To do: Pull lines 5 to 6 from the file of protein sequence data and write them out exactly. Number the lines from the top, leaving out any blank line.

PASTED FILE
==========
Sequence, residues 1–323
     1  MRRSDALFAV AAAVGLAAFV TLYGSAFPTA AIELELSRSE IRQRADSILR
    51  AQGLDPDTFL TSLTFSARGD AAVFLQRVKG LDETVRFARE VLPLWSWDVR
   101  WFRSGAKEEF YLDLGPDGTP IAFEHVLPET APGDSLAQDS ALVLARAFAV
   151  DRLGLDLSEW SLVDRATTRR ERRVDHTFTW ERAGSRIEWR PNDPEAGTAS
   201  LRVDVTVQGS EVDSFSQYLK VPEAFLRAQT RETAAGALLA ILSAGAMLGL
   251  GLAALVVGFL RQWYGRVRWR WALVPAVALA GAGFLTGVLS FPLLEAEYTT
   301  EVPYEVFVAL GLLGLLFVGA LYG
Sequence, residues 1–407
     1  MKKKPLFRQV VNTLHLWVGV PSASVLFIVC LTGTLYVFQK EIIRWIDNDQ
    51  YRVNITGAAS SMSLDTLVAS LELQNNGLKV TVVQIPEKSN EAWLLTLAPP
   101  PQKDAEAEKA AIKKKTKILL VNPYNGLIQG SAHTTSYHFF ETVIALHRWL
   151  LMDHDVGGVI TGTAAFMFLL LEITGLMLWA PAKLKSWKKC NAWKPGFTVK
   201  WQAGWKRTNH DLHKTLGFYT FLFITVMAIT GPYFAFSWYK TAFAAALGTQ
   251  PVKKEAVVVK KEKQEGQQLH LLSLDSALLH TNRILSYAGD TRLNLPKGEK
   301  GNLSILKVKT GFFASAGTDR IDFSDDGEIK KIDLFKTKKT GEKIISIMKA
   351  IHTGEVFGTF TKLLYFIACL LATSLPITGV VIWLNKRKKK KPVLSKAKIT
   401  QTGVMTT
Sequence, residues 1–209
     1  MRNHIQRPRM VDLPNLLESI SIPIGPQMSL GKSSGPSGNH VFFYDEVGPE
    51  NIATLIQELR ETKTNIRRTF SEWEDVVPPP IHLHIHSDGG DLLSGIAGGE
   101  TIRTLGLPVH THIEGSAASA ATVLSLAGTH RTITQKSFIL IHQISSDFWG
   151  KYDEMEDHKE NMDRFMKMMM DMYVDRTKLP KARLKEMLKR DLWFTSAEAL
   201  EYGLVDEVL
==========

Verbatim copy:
   151  DRLGLDLSEW SLVDRATTRR ERRVDHTFTW ERAGSRIEWR PNDPEAGTAS
   201  LRVDVTVQGS EVDSFSQYLK VPEAFLRAQT RETAAGALLA ILSAGAMLGL